PRICE ELASTICITY: Ohio Turnpike ups tolls and wins

December 13, 1997
By Peter Samuel

PRICE ELASTICITY: Ohio Turnpike ups tolls and wins

Originally published in issue 22 of Tollroads Newsletter, which came out in Dec 1997.

Page:9

Subjects:toll rates widening

Facilities:Ohio Turnpike

Agencies:Ohio Turnpike

Locations:OH

Most toll rates in the US are way too low, transport economists will tell you. In part because the toll authorities are set up as non-profits, in part because they don’t account properly for replacement cost of their capital assets, just the historic cost of their facilities, (something of interest only to historians), but most of all because they are seen as government agencies and toll rate increases are unpopular and a big political issue.

But every now and then they bite the bullet and do it.

The Ohio Turnpike is two thirds through a 5-phased 82% increase in its tolls 1995-1998 — to produce the revenues needed to support the debt sold to do $700m of third-laning and other works Toldeo-Youngstown (255km of its 385km road, which stretches across the north of the state from Pennsylvania to Indiana.) It is interesting to look at what is happening to its traffic following the first full year of reporting after toll increases.

1996 saw toll rates 20% up on 1995. Tolls for cars went from 1.4c/km to 1.7c/km, trucks from 4.8c/km to 5.7c/km.

Traffic numbers overall were down 2.3%. Cars were down 2.5% and trucks down 1.4%. So toll revenue was up a whacking 16.5% to $119m.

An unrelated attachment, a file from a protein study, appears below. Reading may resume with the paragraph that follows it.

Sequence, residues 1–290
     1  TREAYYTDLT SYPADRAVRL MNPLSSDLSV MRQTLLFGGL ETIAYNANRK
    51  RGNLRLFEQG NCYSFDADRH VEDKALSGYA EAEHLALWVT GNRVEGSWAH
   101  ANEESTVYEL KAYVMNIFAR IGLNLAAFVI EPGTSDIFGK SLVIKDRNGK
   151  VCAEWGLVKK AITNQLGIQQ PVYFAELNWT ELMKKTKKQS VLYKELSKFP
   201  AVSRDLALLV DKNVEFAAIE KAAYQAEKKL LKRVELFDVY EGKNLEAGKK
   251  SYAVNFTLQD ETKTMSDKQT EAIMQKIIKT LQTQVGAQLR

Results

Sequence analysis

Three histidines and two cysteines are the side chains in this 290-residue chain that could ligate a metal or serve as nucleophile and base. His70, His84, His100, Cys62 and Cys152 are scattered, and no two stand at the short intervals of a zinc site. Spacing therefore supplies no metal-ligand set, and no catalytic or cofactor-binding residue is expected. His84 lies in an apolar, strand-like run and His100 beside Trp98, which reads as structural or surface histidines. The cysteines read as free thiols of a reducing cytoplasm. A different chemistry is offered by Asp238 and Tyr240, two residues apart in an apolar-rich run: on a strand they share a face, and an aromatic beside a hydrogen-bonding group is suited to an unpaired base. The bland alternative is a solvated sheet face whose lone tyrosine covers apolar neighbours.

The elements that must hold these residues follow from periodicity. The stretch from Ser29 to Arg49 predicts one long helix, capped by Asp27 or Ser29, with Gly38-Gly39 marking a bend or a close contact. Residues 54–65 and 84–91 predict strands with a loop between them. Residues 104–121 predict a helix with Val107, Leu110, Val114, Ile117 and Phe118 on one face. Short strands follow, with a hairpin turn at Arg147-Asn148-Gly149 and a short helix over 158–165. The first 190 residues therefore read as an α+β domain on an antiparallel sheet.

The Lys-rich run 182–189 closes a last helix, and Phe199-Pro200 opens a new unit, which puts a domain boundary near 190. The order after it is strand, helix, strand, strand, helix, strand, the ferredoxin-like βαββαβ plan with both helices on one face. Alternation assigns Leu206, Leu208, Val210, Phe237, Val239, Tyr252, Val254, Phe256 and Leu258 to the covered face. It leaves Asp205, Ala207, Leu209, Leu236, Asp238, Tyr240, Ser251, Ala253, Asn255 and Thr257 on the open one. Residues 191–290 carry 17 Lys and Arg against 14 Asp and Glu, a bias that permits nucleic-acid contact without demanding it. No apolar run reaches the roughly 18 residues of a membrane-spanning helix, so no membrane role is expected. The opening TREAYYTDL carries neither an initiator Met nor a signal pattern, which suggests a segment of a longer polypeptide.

The commission in its annual report calls the lower traffic numbers “disappointing” but it is difficult to see why. Construction work is going on and this together with the higher toll rates would seem likely to make alternative routes more attractive (or less unattractive) than previously.

There was an increase in accidents with all the construction going on — 11% more in total with the rate/km traveled up 13%. Injuries went from 700 to 780. Fatalities went from 12 to 13.

Most of the OH pike is 2x2-lanes of 12’ (3.66m) reinforced concrete overlaid with asphalt with asphalt shoulders 10’ (3.05m) wide on the outside and 8’ (2.44m) wide inside, with a 40’ (12.2m) grass median in the center. The third laning is eliminating the grass median and inner shoulders and substituting inner full-depth asphalt travel lanes and inner paved shoulders of 14’3” (4.34m) width on either side of a 1.28m (50”) high Jersey barrier. Climbing grades are being kept to 2% max and descending to 3.14%. Heavy trucks are generally prohibited from using the new inner lanes

54km of the new 3/3 cross-section was constructed in 1996.

Background: The Ohio turnpike tolls by trip, issuing magstripe tickets which record the entry point and are handed to an attendant at exit as proof of journey origin. It has 30 tollplazas, including 2 barrier plazas each end, 28 interchanges, (25 all-movements, 3 partial), and 8 service plazas. The Ohio pike is the busiest of the east-west turnpikes between the NJ state line and Chicago. That is partly because the Pennsylvania Turnpike (I-76) traffic converges with I-80 traffic not far from the eastern end of the pike at Youngstown and then (traveling west) I-90 traffic joins as well at Cleveland as Lake Erie’s southern intrusion into the great plans squashes 3 major east-west routes together. At Toledo I-75 heads up to the Detroit area and Ontario.

The pike’s toll collection has not been quick to modernize. The pike has announced no plans for electronic toll collection and until recently entry tickets were manually handed to patrons. Automatic magstripe ticket dispensers were only recently installed. (Contact Heidi Jedel Ohio pike 216 234 2081)

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